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Subseries Maternal and Child Health - An Integrated Approach to Determine Appropriate Model for Promoting Knowledge on Maternal and Child Health to Communities through MCH Networking

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TH 2000 Kanchanaburi-Research-Maternal and Child Health


An Integrated Approach to Determine Appropriate Model for Promoting Knowledge on Maternal and Child Health to Communities through MCH Networking


  • 2002 (Creation)

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IPSR (1971)

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Despite a high profile police to improve health care of mother and child in Thailand and the adoption of a safe motherhood programme as a priority of maternal and child health strategy by the Thai government, it is not clear whether previously observed declines in maternal and child health have been reversed. This study attempts to investigate, within the context of maternal and child health in particular, knowledge, attitude and behaviour of mothers during pregnancy and after birth. It covers the aspects of child care which are affected by maternal health during and after birth including risk behaviour which may affect the child. It use and integrated approach to determine an appropriate model for promoting knowledge of maternal and child health in communities, through MCH networking. The study was conducted in Saiyok district, Kanchanaburi province. Combined of methods were used in this study, consisting of structured-interviews, in-depth interviews, focus group discussions and participant observation. The study also used public meetings and community participation to allow stakeholders to become more responsive to need and therefore increases uptake of services available. This from of meeting proved particularly used for conducting in community health research.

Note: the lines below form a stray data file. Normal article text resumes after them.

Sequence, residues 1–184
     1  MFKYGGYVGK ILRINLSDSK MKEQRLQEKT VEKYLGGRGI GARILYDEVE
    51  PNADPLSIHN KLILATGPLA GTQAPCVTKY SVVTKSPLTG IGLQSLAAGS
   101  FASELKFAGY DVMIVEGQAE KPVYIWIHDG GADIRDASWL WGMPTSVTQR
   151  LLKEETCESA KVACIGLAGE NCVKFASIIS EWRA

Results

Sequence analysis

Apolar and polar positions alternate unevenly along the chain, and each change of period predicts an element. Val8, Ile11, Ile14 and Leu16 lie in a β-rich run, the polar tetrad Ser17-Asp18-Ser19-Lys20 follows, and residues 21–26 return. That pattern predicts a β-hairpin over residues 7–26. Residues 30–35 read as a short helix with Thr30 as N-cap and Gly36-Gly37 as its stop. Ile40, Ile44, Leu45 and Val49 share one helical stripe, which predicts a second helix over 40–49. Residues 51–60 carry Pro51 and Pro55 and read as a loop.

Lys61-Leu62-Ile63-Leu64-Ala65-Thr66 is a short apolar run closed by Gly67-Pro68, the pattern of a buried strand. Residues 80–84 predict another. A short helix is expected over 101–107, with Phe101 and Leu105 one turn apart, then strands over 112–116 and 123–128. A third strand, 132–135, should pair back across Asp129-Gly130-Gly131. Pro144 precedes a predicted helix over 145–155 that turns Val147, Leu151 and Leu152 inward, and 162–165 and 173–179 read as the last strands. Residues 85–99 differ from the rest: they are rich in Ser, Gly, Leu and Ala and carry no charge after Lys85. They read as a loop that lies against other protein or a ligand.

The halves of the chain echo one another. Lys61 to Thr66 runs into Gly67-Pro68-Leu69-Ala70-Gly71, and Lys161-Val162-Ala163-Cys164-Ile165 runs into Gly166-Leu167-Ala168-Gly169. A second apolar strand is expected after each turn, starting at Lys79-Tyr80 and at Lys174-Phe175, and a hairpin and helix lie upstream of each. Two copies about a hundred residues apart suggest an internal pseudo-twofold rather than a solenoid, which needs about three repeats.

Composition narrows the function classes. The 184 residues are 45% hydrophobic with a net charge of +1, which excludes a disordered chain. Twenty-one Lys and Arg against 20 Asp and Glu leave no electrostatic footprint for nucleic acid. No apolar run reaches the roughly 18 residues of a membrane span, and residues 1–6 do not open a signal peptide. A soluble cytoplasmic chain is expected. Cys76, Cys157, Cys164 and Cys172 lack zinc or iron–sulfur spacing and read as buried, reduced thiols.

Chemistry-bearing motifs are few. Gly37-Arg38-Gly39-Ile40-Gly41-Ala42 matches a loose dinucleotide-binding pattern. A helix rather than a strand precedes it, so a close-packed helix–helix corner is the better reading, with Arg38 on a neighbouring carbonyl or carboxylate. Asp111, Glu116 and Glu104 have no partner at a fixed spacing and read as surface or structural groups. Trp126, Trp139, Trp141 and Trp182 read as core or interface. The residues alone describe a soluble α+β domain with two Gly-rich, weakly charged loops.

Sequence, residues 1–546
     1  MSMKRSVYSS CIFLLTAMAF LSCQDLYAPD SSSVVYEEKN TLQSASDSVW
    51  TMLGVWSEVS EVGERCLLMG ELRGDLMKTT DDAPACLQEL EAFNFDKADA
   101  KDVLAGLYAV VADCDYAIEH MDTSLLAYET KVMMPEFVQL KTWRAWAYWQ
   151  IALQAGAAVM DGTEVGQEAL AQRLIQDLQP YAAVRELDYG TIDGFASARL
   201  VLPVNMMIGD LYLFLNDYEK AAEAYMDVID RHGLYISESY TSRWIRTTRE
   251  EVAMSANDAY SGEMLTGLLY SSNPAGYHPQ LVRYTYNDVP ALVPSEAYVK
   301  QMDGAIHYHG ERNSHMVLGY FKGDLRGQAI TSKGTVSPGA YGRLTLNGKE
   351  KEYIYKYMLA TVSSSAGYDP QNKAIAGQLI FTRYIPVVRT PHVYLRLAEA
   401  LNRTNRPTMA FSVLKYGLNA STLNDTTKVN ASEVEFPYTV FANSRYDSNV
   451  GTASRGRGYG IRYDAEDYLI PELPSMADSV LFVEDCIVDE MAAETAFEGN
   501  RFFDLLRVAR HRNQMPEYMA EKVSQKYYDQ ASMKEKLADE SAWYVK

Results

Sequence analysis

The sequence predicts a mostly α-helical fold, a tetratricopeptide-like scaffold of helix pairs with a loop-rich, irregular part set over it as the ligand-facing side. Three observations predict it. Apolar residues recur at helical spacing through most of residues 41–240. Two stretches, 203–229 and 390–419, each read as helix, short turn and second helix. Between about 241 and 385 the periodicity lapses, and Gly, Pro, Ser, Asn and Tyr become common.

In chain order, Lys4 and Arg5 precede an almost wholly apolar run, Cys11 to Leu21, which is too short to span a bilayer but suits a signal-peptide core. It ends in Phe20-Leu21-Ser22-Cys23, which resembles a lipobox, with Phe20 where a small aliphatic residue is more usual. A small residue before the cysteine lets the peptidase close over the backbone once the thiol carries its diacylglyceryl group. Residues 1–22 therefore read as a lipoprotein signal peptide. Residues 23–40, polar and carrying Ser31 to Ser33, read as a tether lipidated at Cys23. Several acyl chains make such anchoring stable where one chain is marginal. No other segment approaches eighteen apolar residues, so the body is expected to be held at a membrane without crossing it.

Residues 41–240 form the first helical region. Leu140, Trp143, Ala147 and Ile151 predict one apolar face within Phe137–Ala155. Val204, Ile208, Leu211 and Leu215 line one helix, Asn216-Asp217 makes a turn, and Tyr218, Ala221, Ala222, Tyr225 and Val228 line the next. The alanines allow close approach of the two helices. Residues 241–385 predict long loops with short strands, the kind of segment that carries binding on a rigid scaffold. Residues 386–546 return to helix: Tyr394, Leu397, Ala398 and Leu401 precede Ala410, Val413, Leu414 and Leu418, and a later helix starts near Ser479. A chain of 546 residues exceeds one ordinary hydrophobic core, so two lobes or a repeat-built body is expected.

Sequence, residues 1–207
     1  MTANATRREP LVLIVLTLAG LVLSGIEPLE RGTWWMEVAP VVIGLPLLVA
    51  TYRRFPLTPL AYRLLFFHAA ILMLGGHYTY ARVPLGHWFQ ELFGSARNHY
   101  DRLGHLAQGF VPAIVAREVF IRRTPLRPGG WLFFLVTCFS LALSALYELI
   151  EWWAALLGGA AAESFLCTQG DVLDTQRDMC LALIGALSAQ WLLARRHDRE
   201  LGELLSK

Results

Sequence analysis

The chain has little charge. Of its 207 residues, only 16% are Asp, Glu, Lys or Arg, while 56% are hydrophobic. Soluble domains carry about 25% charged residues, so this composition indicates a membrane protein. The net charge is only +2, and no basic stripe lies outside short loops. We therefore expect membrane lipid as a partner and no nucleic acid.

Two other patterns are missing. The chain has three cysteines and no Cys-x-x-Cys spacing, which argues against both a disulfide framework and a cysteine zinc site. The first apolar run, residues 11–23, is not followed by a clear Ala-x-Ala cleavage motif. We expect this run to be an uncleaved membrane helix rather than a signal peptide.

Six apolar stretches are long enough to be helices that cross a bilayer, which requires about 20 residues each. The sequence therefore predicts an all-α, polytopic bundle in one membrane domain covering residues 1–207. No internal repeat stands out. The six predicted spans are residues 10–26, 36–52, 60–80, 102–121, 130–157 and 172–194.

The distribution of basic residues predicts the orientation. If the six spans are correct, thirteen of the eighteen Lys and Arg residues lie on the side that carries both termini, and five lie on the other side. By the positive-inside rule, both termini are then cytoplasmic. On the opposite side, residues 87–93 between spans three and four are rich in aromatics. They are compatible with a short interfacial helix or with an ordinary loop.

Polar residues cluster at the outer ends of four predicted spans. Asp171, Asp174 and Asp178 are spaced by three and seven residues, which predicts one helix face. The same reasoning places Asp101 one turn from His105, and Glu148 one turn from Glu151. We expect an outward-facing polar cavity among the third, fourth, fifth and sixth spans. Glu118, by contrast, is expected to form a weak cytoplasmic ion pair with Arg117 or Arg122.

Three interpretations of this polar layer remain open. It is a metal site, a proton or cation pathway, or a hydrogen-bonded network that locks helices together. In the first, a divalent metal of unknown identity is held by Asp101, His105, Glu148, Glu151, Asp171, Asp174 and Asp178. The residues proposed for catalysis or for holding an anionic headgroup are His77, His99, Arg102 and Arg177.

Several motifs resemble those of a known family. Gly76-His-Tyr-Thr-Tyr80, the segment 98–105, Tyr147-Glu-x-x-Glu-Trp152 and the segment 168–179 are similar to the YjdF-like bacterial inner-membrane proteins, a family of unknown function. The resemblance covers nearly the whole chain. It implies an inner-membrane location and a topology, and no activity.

The findings suggest that mothers of children under 5 years had inadequate knowledge of immunization, and of iron folate tablets. A large majority of the mothers had made four visits for ante-natal care; however, not all were on appointment. About a quarter of the mothers had caesarean section or assisted delivery, whilst low birth weight (<2500 grams) was about 12%. The findings also suggest that many mothers had inadequate knowledge or understanding about beneficial foods, breastfeeding and self-care during pregnancy and after birth. In addition, they also suggest that the social and economic environment may have contributed to low birth weight. Thus, not individual factors (life style) or structural factors (socio-economic, community, health care provider) can totally account for increasing knowledge and understanding and mother’s behaviours about maternal and child health, since there is a high degree of synergy between them. There is consequently a need to deepen understanding of the overall context for maternal and child health to be improved, and a deeper understanding of causes needs to be addressed for further study.

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